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Pavel Kanevsky

PhD, Associate Professor, Department of Political Science and Sociology of Political Processes, Faculty of Sociology, MSU

A side effect of any trade war is protectionism, which is particularly pronounced during a period of structural transformation or the transition to a new stage of development in economic competition. The United States is the primary source of protectionism today. Donald Trump believes that protectionism is a new norm in international trade. According to this logic, the trade war with China will slow down the growth of the Chinese economy and give the United States time to build new capacities inside the country and restructure troubled industries.

It is also worth making a distinction between the trade tension in U.S.–China relations and the trade tension in U.S.–EU relations. The United States does not see the European Union as such problematic a trade rival as China. The optimum scenario for Brussels would be to see the United States and China return to the negotiating table, so that an increase in the imbalance between its main trading partners can be prevented. While most European experts insist that the European Union is ready for large-scale trade wars, they do not have any alternative scenarios. So, what is to be done in this case?

Moscow needs to think about strategies for minimizing the damage in the event that the protectionist policy adopted by the United States continues. On the one hand, new opportunities for trading with China are opening up, primarily in energy resources and a number of industrial sectors. On the other hand, Russia needs to understand that China’s export potential is huge, and if it loses the U.S. market, it will step up its pressure on other areas, including Russia. The type of protectionism espoused by Donald Trump is unlikely to benefit Americans in any significant way in the long term and could have a very negative effect on the very structure of world trade.


A side effect of any trade war is protectionism, which is particularly pronounced during a period of structural transformation or the transition to a new stage of development in economic competition. And we are not just talking about economic transformations here, but also social transformations – imbalances in the economy lead to social disruptions and failures on the labour market, and the national or supranational government must respond to this with protectionist measures. The greater the number of socioeconomic upheavals experienced by a country or group of countries, the greater the probability that protectionism will be adopted.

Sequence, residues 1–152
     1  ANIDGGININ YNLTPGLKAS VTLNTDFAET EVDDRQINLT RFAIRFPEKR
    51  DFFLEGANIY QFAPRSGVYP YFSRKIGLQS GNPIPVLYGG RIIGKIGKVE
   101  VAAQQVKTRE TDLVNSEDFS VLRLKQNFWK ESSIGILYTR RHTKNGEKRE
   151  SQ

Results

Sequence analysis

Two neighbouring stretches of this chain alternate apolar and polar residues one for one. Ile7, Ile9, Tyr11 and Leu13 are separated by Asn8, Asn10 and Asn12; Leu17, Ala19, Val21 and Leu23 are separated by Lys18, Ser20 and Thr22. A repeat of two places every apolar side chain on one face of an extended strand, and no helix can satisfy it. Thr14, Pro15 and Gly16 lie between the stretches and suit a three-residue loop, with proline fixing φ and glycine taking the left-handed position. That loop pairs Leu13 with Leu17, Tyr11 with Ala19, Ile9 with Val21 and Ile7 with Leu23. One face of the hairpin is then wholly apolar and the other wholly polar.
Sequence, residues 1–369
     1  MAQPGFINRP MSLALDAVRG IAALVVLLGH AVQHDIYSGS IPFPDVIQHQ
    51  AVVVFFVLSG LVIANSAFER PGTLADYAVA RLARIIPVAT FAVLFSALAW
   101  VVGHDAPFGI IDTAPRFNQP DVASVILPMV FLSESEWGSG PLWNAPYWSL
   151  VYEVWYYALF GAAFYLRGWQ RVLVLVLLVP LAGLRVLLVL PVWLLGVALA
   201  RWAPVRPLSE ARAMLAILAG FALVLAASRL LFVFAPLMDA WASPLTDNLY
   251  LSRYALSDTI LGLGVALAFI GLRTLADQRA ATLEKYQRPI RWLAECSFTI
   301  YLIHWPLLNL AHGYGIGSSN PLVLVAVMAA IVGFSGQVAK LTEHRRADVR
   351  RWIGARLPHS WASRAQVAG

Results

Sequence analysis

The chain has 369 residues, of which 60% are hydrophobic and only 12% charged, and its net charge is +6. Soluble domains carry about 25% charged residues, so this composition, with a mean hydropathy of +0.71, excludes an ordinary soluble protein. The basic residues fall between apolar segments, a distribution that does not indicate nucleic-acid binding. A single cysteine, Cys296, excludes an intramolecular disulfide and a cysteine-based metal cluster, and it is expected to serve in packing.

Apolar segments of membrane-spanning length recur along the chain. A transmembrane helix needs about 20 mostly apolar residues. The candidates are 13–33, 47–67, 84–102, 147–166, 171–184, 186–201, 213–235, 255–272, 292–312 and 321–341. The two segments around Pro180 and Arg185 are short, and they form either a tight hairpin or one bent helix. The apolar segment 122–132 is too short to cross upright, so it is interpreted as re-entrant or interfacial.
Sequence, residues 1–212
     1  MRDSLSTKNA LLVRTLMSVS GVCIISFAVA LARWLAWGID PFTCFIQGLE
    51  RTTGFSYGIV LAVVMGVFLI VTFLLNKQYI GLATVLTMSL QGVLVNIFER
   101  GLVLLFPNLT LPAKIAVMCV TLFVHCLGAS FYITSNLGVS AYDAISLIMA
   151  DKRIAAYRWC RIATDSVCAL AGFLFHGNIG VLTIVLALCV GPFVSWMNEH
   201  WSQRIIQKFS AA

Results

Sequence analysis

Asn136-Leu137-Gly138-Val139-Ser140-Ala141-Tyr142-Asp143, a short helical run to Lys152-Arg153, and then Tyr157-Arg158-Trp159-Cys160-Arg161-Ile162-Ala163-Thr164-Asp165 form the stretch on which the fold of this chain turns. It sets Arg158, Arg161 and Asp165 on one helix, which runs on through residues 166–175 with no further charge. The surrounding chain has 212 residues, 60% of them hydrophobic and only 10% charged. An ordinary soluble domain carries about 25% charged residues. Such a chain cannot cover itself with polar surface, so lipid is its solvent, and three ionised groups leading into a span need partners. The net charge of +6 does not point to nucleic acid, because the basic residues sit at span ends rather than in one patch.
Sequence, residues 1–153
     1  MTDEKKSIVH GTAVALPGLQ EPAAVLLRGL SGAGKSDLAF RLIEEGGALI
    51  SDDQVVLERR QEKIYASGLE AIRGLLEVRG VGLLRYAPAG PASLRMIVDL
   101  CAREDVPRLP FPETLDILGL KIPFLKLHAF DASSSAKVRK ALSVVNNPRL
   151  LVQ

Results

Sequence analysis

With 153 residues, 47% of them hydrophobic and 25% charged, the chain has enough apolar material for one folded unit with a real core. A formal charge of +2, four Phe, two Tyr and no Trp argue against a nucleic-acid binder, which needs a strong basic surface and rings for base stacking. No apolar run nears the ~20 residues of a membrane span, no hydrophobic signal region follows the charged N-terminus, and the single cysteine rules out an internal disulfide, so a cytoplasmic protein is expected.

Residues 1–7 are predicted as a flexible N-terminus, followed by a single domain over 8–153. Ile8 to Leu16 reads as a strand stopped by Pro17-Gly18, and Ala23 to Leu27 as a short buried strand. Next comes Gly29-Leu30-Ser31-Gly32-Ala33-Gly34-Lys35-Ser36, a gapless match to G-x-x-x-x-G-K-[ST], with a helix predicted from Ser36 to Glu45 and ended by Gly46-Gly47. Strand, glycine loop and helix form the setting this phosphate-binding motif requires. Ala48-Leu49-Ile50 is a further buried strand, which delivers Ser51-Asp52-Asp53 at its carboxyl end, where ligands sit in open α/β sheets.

It is no coincidence that the primary source of protectionism today is the United States, since the U.S. working population has been exposed to changes in the global economy. And the political system was slow to react. The 2008 crisis served as a detonator for the explosion of new social inequalities and the uncertainty of the middle class. And while Barack Obama offered more social-democratic solutions to the problems, Donald Trump decided to protect the most troubled sectors, starting with the steel industry. This was not the first attempt in recent U.S. history to resuscitate this ailing sector. In 2002, when the logjam of issues in the U.S. steel industry became too apparent to ignore, the George W. Bush administration increased tariffs on certain steel products from 8 per cent to 30 per cent for all countries (with the exception of Canada and Mexico), which, incidentally, did not help put an end to the growing unemployment in the sector.

Yet the actions of Donald Trump differ from all the protectionist measures introduced in the United States in the past – and there have been plenty over the past century. The main feature is that, as Donald Trump believes, protectionism is the new norm of international trade. According to this logic, the trade war with China will slow down the growth of the Chinese economy and give the United States time to build new capacities inside the country and restructure troubled industries. Exactly how Trump intends to achieve this is another question, as protecting certain industries always involves costs to others. Countermeasures taken by the European Union, China, Canada and Mexico are already damaging U.S. agriculture. Trump sees the solution in multi-billion-dollar packages of state support, which may both help farmers and have a negative impact on inflation rates and public debt.